Flat panel displays (FPDs) hold the attention of electronics industry. The market is constantly evolving toward the "TV hung on the wall" concept. For more than a decade, it has been understood that the FPD industry is an important part of the electronics industry. Billions are being spent in developing this technology; mostly for consumer electronics products. LCDs represent the FPD technology of choice. Considering power consumption, size availability, and performance, LCDs will continue to dominate worldwide applications for FPDs across all industry segments but particularly consumer product.
Over the years flat panel displays have become an enabling technology for a wide variety of portable electronic products. Constraints on power, size and cost have pushed the leading display technologies to evolve rapidly to the point they are at today. However, designers must still compromise on either price or performance when selecting leading flat panel display technologies for most applications. A new flat panel display technology called "Active Addressing" promises to address the ever increasing need for better performance and lower cost.
Thin Film Electroluminescent (TFEL) flat display panels are finding increasing applications in terminals and monitors used in offices and factories. The unique solid state construction and light emitting characteristic of TFEL panels enable these displays to provide superior viewability and high reliability over a wide range of ambient conditions. After a brief review of the structure and operation of TEEL panels, this tutorial will focus on the electrical, optical and environmental characteristics of EL displays that are employed in a wide variety of office, industrial and hospital applications. The performance specifications of monochrome EL displays used in terminal and monitor products will also be presented. Structural designs and performance of the new multicolor and full-color EL displays will further be described.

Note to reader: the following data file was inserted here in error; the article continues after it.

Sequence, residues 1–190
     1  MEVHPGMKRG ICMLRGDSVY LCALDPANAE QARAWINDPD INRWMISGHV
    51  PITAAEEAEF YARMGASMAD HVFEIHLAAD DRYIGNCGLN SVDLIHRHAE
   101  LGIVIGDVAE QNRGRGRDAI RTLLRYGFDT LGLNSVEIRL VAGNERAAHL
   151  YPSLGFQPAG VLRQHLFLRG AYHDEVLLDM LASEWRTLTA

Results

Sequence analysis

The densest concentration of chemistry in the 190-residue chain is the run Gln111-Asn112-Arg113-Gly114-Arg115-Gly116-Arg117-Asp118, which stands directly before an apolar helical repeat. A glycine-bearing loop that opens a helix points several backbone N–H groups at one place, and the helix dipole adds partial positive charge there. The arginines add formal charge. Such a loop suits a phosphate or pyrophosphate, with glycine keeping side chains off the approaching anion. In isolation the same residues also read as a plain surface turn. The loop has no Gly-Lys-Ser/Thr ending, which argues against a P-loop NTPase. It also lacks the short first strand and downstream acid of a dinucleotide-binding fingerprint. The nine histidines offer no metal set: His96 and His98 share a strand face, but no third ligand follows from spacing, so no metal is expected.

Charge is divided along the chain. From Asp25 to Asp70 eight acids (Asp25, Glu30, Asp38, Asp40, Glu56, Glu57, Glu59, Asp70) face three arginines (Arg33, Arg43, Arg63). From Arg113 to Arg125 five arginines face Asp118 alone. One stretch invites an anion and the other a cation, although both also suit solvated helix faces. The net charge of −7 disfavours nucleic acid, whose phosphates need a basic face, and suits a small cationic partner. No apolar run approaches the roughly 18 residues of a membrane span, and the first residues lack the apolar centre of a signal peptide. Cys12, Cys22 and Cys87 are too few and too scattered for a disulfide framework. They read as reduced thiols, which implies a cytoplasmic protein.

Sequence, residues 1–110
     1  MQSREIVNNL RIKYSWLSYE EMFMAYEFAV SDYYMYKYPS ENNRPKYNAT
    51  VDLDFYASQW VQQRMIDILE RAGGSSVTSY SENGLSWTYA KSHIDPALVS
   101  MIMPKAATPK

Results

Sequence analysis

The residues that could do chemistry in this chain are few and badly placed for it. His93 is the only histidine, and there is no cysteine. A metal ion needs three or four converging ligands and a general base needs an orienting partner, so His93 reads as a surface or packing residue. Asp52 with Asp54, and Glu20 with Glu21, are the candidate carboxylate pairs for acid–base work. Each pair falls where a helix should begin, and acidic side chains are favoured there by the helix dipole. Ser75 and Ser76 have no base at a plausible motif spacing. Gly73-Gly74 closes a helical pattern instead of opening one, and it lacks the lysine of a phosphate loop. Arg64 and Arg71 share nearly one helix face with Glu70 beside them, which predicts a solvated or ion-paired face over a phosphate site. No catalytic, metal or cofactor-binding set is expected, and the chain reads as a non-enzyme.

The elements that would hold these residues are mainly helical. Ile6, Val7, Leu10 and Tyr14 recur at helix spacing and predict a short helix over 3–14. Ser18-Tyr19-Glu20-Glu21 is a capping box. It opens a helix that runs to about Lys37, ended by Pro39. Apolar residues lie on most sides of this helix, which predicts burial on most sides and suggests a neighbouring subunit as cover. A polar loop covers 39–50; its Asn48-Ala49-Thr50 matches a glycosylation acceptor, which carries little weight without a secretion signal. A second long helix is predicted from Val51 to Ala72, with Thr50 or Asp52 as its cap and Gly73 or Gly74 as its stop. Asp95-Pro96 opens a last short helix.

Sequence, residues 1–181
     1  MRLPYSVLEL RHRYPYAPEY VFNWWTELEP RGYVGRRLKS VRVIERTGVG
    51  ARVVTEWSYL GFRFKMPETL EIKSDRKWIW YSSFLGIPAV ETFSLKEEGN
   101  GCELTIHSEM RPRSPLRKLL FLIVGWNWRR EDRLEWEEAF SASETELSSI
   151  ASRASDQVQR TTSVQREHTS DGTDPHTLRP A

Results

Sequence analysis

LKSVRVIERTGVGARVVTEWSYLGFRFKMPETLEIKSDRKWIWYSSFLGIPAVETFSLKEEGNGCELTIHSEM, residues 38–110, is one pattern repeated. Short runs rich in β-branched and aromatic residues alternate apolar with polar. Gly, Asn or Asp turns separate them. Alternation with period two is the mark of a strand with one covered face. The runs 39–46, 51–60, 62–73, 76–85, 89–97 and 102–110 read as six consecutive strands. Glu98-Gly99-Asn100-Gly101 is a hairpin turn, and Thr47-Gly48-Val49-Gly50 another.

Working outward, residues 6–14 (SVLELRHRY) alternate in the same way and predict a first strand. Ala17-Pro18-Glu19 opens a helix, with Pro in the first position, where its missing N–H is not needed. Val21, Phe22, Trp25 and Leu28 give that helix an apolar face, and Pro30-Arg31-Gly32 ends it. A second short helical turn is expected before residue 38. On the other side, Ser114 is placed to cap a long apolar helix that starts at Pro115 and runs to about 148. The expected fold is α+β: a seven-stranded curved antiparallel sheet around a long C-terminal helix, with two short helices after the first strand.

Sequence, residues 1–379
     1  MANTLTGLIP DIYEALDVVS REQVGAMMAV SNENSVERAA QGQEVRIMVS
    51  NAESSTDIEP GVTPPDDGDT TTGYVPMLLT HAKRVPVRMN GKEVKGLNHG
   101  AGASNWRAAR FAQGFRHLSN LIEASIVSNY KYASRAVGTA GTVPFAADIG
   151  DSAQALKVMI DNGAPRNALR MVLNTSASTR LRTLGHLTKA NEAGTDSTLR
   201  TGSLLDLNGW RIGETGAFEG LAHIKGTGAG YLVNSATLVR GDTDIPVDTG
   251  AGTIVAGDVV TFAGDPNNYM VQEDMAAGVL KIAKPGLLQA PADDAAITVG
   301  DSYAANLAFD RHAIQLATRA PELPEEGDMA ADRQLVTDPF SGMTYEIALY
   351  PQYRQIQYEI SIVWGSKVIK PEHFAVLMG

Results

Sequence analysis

As high technology products become more complex, the ability to convey information to the users in a clear and timely manner becomes more important. Display technologies that were originally developed to meet the demands of jet fighters have begun to filter down to commercial products such as automobiles and biomedical instruments. Head-up displays are particularly suited to the display of information such as warning symbols that must be conveyed immediately to the user without his active solicitation, and the display of information that has to be merged with other visual data. Specific head-up display applications and technologies are discussed in the tutorial. New technologies and system concepts are also being applied to head-down displays. Several examples of new head-down display systems are described that could increase the amount of information displayed while reducing the physical volume occupied; improve the optical efficiency; reduce the amount of focus readjustment required, or, provide three-dimensional image presentation. Automotive applications are used as examples but the principles apply to other industries as well. The application of holographic display technology is also emphasized.